The Top Headlines From AVweb's Expanded,
Illustrated News Coverage At AVweb's
ATTACKS THE MESSENGER (AND THE MESSAGE)...
The National Air Traffic Controllers Association (NATCA) has lashed
out at an anonymous letter published
by AVweb last Thursday in which a controller contends that
a looming controller shortage is largely a myth and that many
controllers take advantage of liberal working conditions enshrined in
the union contract. NATCA initially declined AVweb's invitation
to respond to *Jane Doe's* allegations, but President John Carr
apparently had a change of heart. In his response letter, which
appears in full in our expanded online coverage (multiple letters from
other controllers who wrote in support of Ms. Doe's position are
included at the end of today's
AVmail), Carr categorically denies most of *Jane Doe's*
allegations, doubts if she is really a working controller and doubts
her mental health. More...
Carr takes a swipe at FAA spokesman Greg Martin's comments, which
appeared in our edition last Thursday. Martin told AVweb that
many of *Jane Doe's* allegations are well-known to the agency and that
the agency is working to place more emphasis on performance and
productivity. Carr criticizes Martin for commenting at all on
anonymous allegations and says that if the agency knows such activity
is going on then the people who have failed to act on it should be
fired. Carr also criticizes CRU-X, a computerized
productivity-monitoring system under development by the FAA, saying it
won't work if implemented as planned. More...
BACK TO BUSINESS AS USUAL
Carr is applauding a move by the Senate Appropriations Subcommittee on
Transportation, Treasury and General Government to include $10 million
for the hiring of new air traffic controllers. In a press release,
Carr says the money is just a beginning to ensure adequate staffing in
the future. "We will not rest until we have enough eyes watching our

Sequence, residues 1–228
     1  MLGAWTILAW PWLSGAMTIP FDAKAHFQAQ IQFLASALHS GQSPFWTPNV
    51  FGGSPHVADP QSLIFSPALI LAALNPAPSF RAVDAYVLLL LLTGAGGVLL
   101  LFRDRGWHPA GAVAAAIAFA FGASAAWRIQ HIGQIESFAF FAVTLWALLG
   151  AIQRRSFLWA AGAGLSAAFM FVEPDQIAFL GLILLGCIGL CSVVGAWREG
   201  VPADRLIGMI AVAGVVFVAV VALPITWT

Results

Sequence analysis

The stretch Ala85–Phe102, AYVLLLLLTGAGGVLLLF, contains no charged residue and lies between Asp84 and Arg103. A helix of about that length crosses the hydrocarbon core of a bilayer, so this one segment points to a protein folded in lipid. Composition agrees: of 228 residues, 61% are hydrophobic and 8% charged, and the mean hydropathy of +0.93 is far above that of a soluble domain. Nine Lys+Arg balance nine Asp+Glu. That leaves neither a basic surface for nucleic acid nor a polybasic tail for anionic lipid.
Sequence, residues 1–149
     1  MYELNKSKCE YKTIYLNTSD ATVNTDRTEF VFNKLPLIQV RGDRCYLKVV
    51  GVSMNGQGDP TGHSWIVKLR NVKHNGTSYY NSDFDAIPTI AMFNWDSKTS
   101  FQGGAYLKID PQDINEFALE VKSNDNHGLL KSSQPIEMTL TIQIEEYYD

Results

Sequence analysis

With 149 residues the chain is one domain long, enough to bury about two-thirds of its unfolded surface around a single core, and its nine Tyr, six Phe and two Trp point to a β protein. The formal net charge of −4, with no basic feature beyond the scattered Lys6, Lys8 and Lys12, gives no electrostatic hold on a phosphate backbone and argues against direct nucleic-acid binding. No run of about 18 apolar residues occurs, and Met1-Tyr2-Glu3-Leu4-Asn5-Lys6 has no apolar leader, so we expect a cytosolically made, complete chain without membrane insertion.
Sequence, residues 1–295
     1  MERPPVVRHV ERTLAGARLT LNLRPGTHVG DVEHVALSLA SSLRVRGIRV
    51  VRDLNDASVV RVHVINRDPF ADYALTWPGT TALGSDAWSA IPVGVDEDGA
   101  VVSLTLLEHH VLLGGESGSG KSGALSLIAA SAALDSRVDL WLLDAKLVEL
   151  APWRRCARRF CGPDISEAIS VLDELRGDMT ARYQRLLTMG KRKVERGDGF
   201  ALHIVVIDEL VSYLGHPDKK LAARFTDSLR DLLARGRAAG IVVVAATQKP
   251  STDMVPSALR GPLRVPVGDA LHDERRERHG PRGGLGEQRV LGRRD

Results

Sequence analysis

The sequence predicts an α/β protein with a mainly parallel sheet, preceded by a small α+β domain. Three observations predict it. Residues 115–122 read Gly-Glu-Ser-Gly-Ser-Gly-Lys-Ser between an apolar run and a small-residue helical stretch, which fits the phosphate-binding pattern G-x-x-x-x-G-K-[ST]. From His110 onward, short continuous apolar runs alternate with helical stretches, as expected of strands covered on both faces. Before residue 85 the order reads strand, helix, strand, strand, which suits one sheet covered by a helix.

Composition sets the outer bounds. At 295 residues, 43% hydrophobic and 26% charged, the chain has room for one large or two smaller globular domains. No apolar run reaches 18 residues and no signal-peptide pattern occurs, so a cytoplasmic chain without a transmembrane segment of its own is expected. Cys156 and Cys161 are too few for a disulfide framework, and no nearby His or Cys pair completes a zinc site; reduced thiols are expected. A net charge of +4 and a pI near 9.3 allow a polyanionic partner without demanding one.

skies," he said. More...
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AVIATION BILL PROPOSES GA SCREENING...
quickly filled the air after U.S. Rep. Anthony Weiner (D-N.Y.) introduced a
bill into the House last week that would impose onerous security
procedures on general aviation. The bill (H.R. 5035) would require the Department of
Homeland Security to ensure the screening of all passengers and
property on each flight of every passenger aircraft in the U.S. --
including general aviation aircraft of all types. It would also
prohibit any non-airline aircraft from flying within 1,500 feet of any
structure or building and prohibit non-airline aircraft from flying
over any U.S. city with a population of 1 million or more. Land of the
free, home of the brave. More...
QUICK GA RESPONSE...
EAA and AOPA staff snagged members of the House
Transportation and Aviation Committees last week to express their
dismay, and AOPA spokesman Chris Dancy told AVweb on Friday
they got some assurances the legislation would meet staunch
opposition. Dancy also said Weiner has agreed to meet with AOPA
President Phil Boyer, but no time has yet been set. Both EAA and AOPA
are asking their members, and all concerned aviators, to contact their
representatives and express opposition to this bill. AOPA staff
are also talking to Senate staffers in an effort to head off the
introduction of any companion legislation, Dancy said.
STILL MORE WORK TO DO
While H.R. 5035 seems destined to die under the weight of its own
excess, the fact that such a bill is even introduced in the U.S. House
suggests that GA still has a long way to go. Three years after 9/11, a
restrictive ADIZ has shut down a huge chunk of Washington, D.C.,
airspace. TFRs are frequent and hard to track. Overflight bans remain
in place at stadiums. And as Rep. Weiner's legislation shows, not
everyone is aware of the work that has been done to secure GA and to
explain why small aircraft are not a threat. And general aviation
businesses still have seen no financial reparations for losses due to
the airspace shutdown, though $100 million was authorized for GA
through legislation. More...
PILOT WRITTENS, INSTRUCTORS, EXAMINERS, DATES ... ISSUES
About three dozen representatives from the aviation industry met at
the FAA's newly minted Light-Sport Aviation Branch in Oklahoma City
last week and spent three days working on the details of the Sport